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Unclaimed property laws have been on the books for decades, but enforcement has been limited or nonexistent. Now states are focusing new attention on these languishing laws, bringing organizations of all sizes and types under higher scrutiny.

The Potential Risk of an Unclaimed Property Audit

  • 6/6/2013

The Potential Risk of an Unclaimed Property Audit

Unclaimed property laws have been on the books in all 50 states for decades, but enforcement has been limited or nonexistent. Now, as states cast about for new sources of revenue, many are focusing new attention on these languishing laws, bringing organizations of all sizes and types under intense scrutiny. Those that are unprepared face substantial penalties, whether their noncompliance is intentional or not.

“Virtually every organization has an unclaimed property liability,” says Tim Reynolds, a tax partner with CliftonLarsonAllen. “It’s not until they are subjected to a costly and distracting state audit that they realize they have not been treating this liability properly.”

State-sponsored voluntary disclosure agreements (VDAs) are available, offering organizations an opportunity to bring themselves into compliance. They are also a chance to educate employees about unclaimed property laws and how to address them as a mandatory compliance issue in the future.

What is unclaimed property?

Simply stated, unclaimed property is property that has not been claimed by its rightful owner, and has been held by another party for a specified period of time. There are more than 100 different types of unclaimed property, but the most common are: uncashed payroll and accounts payable checks, abandoned savings and checking accounts, refunds due or credit balances owed to customers, unredeemed gift certificates and gift cards, abandoned utility or security deposits, escrow accounts, interest, and dividends.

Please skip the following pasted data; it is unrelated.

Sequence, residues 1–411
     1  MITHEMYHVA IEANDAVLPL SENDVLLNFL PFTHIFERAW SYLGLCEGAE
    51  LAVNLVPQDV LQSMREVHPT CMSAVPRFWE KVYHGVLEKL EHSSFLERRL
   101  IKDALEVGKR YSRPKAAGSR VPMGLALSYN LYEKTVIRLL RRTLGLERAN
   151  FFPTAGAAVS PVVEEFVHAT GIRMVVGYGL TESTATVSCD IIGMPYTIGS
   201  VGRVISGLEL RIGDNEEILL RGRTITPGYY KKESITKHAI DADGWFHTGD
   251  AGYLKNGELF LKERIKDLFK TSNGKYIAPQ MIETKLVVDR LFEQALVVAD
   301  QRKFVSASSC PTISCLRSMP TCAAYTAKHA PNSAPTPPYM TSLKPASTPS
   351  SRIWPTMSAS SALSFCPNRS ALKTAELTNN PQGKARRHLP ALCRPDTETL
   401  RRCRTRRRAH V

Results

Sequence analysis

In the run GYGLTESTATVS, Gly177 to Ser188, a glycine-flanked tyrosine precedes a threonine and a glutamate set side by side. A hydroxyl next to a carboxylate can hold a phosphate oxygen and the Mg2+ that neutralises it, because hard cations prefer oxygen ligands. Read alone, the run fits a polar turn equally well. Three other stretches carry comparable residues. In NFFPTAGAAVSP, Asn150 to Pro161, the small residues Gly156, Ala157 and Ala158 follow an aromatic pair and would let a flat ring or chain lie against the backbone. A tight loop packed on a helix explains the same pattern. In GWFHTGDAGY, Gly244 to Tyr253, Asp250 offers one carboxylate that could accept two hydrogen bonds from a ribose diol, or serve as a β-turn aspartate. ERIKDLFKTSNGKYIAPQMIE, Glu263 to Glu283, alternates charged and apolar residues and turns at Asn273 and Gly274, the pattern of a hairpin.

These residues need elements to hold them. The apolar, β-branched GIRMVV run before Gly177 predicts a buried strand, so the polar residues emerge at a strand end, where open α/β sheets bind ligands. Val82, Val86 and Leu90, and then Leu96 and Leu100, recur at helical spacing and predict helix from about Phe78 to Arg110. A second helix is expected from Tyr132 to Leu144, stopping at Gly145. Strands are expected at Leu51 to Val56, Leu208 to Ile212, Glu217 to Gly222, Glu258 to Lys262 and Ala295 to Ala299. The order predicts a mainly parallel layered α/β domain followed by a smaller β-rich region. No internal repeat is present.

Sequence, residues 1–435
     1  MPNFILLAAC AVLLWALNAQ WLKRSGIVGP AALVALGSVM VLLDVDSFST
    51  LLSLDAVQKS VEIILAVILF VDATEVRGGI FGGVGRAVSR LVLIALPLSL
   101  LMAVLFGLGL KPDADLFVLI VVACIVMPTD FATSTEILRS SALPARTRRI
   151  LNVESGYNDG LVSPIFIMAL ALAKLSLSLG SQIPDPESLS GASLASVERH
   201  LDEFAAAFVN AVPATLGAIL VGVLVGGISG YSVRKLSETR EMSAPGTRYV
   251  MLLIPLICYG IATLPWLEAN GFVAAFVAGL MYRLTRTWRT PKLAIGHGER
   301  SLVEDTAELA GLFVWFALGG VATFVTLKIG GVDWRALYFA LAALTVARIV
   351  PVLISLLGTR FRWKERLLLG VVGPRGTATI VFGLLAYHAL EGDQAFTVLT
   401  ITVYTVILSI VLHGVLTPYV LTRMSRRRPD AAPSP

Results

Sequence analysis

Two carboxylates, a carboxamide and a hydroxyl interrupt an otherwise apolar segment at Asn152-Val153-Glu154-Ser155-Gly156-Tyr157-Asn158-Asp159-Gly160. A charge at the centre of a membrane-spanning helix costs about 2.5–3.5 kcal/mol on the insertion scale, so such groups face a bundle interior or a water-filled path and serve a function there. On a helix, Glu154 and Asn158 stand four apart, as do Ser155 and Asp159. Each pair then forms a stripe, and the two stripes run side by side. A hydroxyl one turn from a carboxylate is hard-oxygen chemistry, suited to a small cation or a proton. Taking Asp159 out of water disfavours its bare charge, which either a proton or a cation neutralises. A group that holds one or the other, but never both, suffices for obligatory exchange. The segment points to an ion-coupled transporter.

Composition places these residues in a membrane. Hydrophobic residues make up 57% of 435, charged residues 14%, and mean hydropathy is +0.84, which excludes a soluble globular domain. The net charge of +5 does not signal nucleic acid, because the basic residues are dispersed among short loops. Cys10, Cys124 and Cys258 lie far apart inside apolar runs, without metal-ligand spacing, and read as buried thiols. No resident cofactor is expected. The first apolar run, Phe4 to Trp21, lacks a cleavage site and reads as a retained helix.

Here’s a common example: An organization sends a final paycheck to an employee who is leaving employment, but for some reason, the check is never cashed. The employer tries unsuccessfully to locate the person so the check can be cashed. After a specified period, the check may be voided and the funds returned to revenue.

This is where organizations can run afoul of the law. If the property has not been claimed by its rightful owner after a specified period of time (this varies by state, but generally is one year or more), the holder of the property is obligated by law to remit the property to the appropriate state(s). The rationale for this surrendering of the property to the state is that the state can do an even more thorough job of tracking down the rightful owner. Property is held in trust by the state until it is claimed.

The scope of the unclaimed property issue shows why it is such a ripe target for cash-strapped states. According to the National Association of Unclaimed Property Administrators, more than $41.7 billion is waiting to be returned by state unclaimed property programs. In 2012, more than $2.25 billion was returned to owners through state programs.

If asked, many organizations would say that they don’t have an unclaimed property liability, or that unclaimed property compliance is voluntary. Still others believe that a lack of records would prevent an auditor from determining their liability, or that a liability only exists in states where the organization actively conducts business.